Oh, the depth of the riches both of the wisdom and knowledge of God! How unsearchable are His judgments and unfathomable His ways! For who has known the mind of the Lord, or who became His counselor? Or who has first given to Him that it might be paid back to him again? For from Him and through Him and to Him are all things. To Him be the glory forever. Amen.

    Therefore I urge you ... by the mercies of God, to present your bodies a living and holy sacrifice, acceptable to God, which is your spiritual service of worship. (Romans 11:33-12:1, NASB)
The problem with being a living sacrifice, I've discovered, is it leaves the option open to squirm off the altar.

We're called to wait on the Lord, not to wriggle away from Him. So, I'm learning more about sacrifice. Discovering what it means to grow up. Here I am, in this place, still.

Tuesday, November 18

Money Talks

I'm starting to realize ... there's "frugal" and then there's "broke." All this time, I'd been thinking we were still coasting down the money-saving path to the first, but in reality, we hit the second a few stops back.

When I think about it, I shouldn't be surprised. We went nearly 17 months between regular paychecks. It's tough trying to economize, still, while we pay off the move and struggle to adjust to about $500 less per month than we were expecting (and had budgeted for). Really, just how much can I cut down on my grocery spending?

One thing I've found is the sheer number of articles about saving money. The problem is, most of them aren't really very helpful. I read one online just the other day. As I recall, it was aimed at working moms who wanted to quit their jobs and stay home with the kids. Unfortunately, the author's suggestions were worthless for us. I don't remember them all, but a few that come to mind were: cut down to basic cable, cancel gym membership, eliminate magazine subscriptions, and consider paring down to just one car.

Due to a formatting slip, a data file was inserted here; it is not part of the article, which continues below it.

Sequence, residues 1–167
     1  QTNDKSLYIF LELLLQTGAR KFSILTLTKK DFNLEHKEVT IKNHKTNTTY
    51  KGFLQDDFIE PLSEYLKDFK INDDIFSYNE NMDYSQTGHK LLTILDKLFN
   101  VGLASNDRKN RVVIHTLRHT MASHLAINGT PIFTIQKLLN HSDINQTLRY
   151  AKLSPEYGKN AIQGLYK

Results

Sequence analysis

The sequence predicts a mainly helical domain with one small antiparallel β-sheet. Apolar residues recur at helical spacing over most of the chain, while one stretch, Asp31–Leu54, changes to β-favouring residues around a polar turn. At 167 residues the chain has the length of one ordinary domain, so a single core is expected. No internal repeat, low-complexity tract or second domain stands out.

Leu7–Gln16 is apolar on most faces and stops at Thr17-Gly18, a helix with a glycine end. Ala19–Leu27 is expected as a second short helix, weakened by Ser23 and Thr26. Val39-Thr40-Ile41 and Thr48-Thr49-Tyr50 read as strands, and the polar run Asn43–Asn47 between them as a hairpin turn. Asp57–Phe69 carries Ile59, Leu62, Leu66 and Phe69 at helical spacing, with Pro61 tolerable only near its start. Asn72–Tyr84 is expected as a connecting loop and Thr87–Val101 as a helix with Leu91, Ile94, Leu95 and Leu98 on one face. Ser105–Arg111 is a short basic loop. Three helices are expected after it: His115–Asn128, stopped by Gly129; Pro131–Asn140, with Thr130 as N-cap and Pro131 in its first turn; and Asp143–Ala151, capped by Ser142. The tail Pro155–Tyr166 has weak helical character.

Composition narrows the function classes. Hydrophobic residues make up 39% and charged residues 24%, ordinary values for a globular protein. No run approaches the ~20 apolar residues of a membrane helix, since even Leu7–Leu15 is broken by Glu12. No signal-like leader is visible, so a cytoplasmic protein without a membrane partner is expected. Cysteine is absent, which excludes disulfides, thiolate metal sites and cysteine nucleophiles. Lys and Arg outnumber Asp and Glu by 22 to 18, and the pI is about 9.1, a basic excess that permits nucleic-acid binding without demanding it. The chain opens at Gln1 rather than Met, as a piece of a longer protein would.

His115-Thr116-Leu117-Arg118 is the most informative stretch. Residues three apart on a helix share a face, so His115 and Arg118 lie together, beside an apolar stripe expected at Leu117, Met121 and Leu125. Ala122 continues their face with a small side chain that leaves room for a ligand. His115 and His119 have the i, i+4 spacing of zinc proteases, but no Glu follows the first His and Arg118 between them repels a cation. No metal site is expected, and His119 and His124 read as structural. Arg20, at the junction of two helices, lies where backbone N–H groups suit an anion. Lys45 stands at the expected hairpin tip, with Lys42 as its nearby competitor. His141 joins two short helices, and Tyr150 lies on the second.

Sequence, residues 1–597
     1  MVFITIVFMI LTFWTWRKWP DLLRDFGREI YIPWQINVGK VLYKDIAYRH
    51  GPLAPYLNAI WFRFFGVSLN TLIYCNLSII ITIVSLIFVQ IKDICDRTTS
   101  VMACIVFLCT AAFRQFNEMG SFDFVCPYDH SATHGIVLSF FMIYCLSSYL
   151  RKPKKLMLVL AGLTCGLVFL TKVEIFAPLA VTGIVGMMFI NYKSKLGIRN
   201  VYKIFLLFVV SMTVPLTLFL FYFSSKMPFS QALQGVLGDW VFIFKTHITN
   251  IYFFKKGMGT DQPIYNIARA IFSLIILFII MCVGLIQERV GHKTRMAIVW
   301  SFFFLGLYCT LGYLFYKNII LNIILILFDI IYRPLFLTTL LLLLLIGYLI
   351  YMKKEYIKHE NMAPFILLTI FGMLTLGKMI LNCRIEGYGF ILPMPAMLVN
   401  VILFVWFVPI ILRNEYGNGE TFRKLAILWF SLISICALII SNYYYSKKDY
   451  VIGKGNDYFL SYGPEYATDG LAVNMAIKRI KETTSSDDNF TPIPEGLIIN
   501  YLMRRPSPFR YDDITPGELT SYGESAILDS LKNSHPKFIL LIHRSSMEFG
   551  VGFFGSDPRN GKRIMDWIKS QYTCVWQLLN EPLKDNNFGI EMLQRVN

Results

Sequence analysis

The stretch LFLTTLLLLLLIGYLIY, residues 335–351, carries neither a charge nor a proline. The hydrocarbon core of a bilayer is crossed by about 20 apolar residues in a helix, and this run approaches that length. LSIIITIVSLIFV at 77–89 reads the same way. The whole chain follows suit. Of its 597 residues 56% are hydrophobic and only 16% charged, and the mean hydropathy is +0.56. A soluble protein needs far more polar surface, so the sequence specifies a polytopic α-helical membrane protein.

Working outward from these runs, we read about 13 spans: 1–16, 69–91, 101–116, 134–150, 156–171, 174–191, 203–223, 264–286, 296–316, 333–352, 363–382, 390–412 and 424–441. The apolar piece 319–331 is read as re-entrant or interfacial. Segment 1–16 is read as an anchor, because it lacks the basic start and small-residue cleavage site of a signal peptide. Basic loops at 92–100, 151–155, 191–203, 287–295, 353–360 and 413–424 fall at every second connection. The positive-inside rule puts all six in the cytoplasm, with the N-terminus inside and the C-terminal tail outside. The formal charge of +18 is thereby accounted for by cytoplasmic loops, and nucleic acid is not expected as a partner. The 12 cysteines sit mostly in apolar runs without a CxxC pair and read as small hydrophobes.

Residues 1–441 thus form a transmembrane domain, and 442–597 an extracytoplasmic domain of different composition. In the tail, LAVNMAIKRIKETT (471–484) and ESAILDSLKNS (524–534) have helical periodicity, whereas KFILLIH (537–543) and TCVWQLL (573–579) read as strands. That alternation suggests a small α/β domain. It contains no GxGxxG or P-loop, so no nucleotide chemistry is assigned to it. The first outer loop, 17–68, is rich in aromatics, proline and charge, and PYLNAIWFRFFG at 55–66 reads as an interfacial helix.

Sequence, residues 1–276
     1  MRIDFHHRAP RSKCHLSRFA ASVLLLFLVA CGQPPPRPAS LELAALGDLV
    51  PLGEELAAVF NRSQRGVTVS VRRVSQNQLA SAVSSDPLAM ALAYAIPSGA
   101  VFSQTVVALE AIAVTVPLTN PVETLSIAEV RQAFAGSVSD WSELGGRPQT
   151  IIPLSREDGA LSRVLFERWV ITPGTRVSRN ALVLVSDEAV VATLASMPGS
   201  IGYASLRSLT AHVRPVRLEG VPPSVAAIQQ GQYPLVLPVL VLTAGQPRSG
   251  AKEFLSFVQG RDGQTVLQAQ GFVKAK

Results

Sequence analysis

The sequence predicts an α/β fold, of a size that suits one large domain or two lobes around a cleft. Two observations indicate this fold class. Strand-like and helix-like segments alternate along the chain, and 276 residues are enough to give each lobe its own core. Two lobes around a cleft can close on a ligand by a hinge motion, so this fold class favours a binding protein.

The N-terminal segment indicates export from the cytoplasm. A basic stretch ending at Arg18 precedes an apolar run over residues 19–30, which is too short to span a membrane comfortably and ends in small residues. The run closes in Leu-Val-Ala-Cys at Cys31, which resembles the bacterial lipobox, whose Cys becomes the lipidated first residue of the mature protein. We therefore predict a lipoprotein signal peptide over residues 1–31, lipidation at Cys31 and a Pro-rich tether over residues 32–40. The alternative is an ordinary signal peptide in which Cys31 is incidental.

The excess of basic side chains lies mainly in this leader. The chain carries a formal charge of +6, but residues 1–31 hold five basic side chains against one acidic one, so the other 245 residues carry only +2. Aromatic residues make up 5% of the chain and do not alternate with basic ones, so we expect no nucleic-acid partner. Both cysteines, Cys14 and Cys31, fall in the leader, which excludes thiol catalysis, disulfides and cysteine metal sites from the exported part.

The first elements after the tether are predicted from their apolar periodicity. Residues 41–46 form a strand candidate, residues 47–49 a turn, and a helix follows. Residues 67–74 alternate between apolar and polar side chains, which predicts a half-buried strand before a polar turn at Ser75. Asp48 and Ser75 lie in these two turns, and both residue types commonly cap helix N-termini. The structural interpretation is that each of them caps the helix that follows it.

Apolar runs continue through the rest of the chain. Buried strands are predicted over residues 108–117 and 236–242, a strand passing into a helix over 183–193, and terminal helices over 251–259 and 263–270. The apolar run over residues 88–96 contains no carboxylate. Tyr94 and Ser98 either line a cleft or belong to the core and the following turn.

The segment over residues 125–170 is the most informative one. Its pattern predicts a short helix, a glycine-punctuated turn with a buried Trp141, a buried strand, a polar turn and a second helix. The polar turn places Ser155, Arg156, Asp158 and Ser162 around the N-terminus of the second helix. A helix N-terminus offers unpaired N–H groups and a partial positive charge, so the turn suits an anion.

Uhm, yeah. Thanks.

Meanwhile, where do I find suggestions on saving money when you really don't have any to spare? None of this "trim the fat" nonsense; I mean, we're already cutting each other's hair, we've taken our (only) car for one non-work trip in 10 days, and I crocheted a scrubby sponge out of a plastic onion sack this afternoon so I wouldn't have to spend $2.95 on a package of them at the store.

Or how about making more money? Anybody need a freelance designer? Copy editor? Wanna pay me to design you a new blog header?


Dang, but this trusting-God-to-provide thing is tough.

Monday, November 17

But Not Quite

I have a rumbly in my tumbly, only it's not the cute Winnie-the-Pooh kind.


Looks like it's a blustery day out, too, but I don't know that I'm not doing much to enjoy it besides moaning quietly on the couch.

Eventually, I'll need to get up and make some lunch, but until then, we're hanging out here on the couch watching Hayley Mills and Hayley Mills in The Parent Trap.

Does anybody know the name of the guy in Rat Race? My daughter keeps asking. Apparently that's what she and Adam watched before I got up.

I need to go gather what's left of my wits and figure out what I can cook with what's in the house that isn't going to make me lose my lunch, if I'd had any.

Hope everybody else is having a better day. Cheers.

Sunday, November 16

New and Improved Children

Now even more uses!

Do you bake your own bread?

Have you been eyeing those newfangled stand mixers with dough hooks or so-called "bread machines" all with the prices to match?

Are you the mom or dad of a young child? Do they like play dough?

If so, you already have all the "bread machine" you need!

Rather than spending your hard earned money on machines that make bread for you, then spending even more money on dough for your children to play with--include your kids in the bread making game, and let them do the kneading for you!

Public Service Announcement brought to you by your friends at Experience Imagination.

Friday, November 14

"For born this day ..."

Today, a very special man in my life turns 35.

Happy Birthday

I thank God so much for Adam. On days like this, I make a special note to thank Him for taking the time and effort of knit Adam together in his mother's womb.

God gave me an amazing gift in this man He designed to be my husband. He gave him a kind heart and great strength--both in body and in character. He has given him a heart for others and the desire to put relationships first. Adam still chooses to love me, even when I am difficult to love. Yup, God made a pretty special guy, born on this day, and I am ever in His debt for sending my love my way.

Adam, I pray that you have a fabulous birthday. Know that I am celebrating your birth, your life, and your love. May your days be full of grace, peace, joy, and thanksgiving! Loving you today, tomorrow, and forever.